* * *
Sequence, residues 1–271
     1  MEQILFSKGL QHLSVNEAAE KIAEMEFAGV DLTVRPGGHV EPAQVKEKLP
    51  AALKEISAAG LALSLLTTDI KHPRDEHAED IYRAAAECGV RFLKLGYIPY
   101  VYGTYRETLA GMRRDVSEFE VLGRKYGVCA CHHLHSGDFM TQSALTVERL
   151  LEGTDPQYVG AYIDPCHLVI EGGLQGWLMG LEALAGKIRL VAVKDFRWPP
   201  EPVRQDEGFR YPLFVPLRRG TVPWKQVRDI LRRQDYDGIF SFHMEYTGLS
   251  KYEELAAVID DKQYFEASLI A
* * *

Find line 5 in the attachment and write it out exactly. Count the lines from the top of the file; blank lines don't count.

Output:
   151  LEGTDPQYVG AYIDPCHLVI EGGLQGWLMG LEALAGKIRL VAVKDFRWPP